Masters of the Beach

GULF OF THAILAND - (February 13, 2009) - Conducting a full-scale amphibious assault requires a great deal of manpower and coordination. It involves the transportation of hundreds of Marines and dozens of vehicles.

When it comes to amphibious assaults from the forward-deployed amphibious assault ship USS Essex (LHD 2), that's where Beach Master Unit One (BMU-1), Western Pacific comes in. It's their job to ensure Marines, supplies, landing craft, air cushion (LCAC) vehicles and landing craft utility (LCU) vehicles get safely ashore.

BMU-1 Sailors ensure safety by training on proper signaling techniques and proper safety procedures for bystanders so they don't get hit by debris from propeller blast.

"We normally get in real early and do a foreign-object-damage (FOD) walk-down on the staging area of the beach to make sure there is no debris that can damage the LCACs," said Quartermaster 1st Class (SW/AW) Melvin Cassidy, a BMU-1 beach master from Biscoe, N.C.

Performing a landing requires five beach masters to safely carry out the mission: a senior ramp marshal (RM), who is in charge of the entire landing, three RMs who land the LCACs, and a radio telephone operator (RTO), who communicates with the Assault Craft Unit (ACU) on when and where to bring the LCACs.

Before each landing, the senior RM gives a safety brief to all personnel on the beach in regards to where they can stand and where to be when the LCAC lands or departs.

"During any landing, the RM has a 30-yard area from each side of the LCAC where no one can stand. The RM is an additional 50 yards away, a total of 80 yards, to make sure he and no one else gets hit by debris," said Cassidy.

After the LCAC lands, the all clear signal is given, the ramp to the LCAC is lowered and vehicles and troops storm the beach.

BMU-1 recently demonstrated these skills when they performed numerous amphibious assaults on the beaches of Thailand as part of Cobra Gold 09 (CG 09).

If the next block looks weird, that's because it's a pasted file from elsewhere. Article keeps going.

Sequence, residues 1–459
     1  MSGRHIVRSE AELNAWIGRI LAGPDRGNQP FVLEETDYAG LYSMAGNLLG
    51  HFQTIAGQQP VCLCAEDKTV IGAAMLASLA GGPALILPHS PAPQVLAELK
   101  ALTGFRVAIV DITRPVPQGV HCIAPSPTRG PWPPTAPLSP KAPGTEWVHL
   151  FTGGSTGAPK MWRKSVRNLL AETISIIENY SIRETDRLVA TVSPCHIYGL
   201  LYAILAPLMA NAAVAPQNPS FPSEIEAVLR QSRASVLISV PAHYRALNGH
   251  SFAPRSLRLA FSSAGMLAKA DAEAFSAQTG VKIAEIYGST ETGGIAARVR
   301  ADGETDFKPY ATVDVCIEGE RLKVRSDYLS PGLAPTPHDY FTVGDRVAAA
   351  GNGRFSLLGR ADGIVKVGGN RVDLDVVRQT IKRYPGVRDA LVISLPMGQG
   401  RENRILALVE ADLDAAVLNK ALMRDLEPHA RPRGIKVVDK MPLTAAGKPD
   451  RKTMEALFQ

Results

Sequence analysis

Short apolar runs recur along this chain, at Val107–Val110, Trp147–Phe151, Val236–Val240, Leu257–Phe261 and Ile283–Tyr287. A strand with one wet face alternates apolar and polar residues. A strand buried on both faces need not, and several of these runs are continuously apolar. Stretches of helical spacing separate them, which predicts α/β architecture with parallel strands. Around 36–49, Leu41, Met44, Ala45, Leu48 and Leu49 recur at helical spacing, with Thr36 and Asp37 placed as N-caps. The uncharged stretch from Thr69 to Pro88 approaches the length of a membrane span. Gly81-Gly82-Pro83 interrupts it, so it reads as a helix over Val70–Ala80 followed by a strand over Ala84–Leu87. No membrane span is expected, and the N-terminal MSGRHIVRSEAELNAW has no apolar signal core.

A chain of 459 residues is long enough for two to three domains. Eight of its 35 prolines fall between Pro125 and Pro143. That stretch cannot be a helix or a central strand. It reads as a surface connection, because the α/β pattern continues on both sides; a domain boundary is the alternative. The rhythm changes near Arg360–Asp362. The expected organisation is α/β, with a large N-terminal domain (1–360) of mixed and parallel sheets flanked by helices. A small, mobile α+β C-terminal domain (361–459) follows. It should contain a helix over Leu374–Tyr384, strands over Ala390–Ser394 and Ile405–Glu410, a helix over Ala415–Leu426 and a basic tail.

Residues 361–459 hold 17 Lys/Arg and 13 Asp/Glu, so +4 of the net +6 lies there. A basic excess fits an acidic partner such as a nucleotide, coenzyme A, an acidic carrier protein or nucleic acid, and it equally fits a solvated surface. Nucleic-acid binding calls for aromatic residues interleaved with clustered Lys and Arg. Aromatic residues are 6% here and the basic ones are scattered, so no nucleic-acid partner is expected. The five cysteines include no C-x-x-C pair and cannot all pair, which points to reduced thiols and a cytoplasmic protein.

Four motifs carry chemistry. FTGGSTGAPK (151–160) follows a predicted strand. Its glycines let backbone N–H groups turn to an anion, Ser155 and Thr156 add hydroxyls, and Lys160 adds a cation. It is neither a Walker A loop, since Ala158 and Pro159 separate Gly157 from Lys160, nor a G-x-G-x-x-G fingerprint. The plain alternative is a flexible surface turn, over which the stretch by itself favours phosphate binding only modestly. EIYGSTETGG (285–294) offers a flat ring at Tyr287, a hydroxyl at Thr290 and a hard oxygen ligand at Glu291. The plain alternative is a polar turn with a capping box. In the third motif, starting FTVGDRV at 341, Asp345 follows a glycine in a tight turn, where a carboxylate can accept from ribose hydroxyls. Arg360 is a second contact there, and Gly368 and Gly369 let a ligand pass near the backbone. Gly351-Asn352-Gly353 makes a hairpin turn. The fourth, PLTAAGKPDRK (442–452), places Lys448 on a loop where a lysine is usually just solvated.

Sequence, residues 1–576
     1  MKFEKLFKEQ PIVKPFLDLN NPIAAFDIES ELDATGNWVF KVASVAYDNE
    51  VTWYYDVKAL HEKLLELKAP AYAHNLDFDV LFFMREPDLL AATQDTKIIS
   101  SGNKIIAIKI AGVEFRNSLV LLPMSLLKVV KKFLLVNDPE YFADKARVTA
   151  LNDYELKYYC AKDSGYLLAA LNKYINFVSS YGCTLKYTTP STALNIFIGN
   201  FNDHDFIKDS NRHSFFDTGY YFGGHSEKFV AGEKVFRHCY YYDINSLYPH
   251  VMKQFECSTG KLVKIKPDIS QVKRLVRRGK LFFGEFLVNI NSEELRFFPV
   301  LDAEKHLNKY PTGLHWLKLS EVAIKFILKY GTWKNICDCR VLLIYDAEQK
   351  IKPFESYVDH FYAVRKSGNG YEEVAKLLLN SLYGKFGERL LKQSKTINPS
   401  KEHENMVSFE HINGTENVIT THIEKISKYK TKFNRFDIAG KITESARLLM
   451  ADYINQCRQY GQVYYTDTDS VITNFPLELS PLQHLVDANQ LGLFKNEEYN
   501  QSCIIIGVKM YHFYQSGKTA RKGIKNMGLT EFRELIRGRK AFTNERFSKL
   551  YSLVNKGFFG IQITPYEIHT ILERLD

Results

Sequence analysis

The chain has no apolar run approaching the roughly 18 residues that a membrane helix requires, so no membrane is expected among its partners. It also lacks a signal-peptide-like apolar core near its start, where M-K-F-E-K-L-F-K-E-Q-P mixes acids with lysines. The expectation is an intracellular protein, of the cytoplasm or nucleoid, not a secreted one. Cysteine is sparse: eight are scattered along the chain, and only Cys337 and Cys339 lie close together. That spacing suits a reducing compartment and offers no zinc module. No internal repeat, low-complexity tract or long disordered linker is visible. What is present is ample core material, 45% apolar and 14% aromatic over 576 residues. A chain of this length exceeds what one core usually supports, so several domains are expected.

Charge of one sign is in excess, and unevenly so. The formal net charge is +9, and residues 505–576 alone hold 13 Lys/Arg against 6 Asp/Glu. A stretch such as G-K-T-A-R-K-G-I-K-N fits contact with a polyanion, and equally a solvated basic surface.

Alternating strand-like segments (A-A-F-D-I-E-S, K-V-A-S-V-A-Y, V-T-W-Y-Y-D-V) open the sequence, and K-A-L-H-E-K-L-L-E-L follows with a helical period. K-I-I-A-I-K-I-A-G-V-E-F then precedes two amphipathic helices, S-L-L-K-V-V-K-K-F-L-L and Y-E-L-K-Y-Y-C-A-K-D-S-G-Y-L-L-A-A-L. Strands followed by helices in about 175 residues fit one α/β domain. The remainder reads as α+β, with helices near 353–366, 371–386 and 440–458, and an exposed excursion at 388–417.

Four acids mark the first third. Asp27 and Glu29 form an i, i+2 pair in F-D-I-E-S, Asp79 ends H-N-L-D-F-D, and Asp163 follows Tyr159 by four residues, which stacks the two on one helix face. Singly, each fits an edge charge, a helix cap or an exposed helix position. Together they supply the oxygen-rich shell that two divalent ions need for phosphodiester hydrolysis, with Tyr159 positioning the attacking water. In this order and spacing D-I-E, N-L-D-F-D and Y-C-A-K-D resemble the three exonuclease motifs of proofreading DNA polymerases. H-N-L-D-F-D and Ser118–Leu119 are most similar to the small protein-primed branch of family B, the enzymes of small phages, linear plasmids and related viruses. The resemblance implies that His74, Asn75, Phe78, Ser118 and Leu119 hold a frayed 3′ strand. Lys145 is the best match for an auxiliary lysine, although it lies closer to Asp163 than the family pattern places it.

The job requires highly-skilled personnel. Before becoming part of a Beach Master Unit, Sailors must go through extensive training that continues throughout their career.

"We go to San Diego every year for 30 days or so to do training with our stateside counterparts," said Information Systems Technician 3rd Class Miguel Reyes-Flores. "We give and get training on various LCAC operations, how to work with Seabees and SEAL team ops."

The training received is valuable since BMU-1 Sailors put the training to good use. Being forward-deployed means frequent amphibious assault exercises.

"Being a beach master can be complicated at first, but after you learn the job, it's easy," said Seaman (SW/AW) Christopher Smith from Washington, D.C. "We go out there to get troops and supplies to the beach as safely and quickly as possible. During an actual assault, we can have four or five LCACs beached and have a command center set up within 30 minutes."

Beach masters feel most rewarded when the mission is accomplished; all troops are safely on the beach and the last LCAC has left and is safely aboard Essex. Only then can the BMU rest and get ready for the next day, said Smith.

CG 09 is an annual Kingdom of Thailand and U.S. co-sponsored military exercise designed to train U.S. and partner Asian-pacific nation forces. The exercise also includes humanitarian civic action projects with participating nations from Indonesia, Japan, Singapore, Thailand and the U.S. The U.S. also engages with Thai military forces in a field training exercise to promote familiarity with and cohesion between these partner nation's military forces. CG 09 provides a unique and dynamic environment to strengthen the bond between these partner militaries and the Thai community.

Essex is commanded by Capt. Brent Canady and is the lead ship of the only forward-deployed U.S. Expeditionary Strike Group and serves as the flagship for CTF 76, the Navy's only forward-deployed amphibious force commander. Task Force 76 is headquartered at White Beach Naval Facility, Okinawa, Japan with a detachment in Sasebo, Japan.


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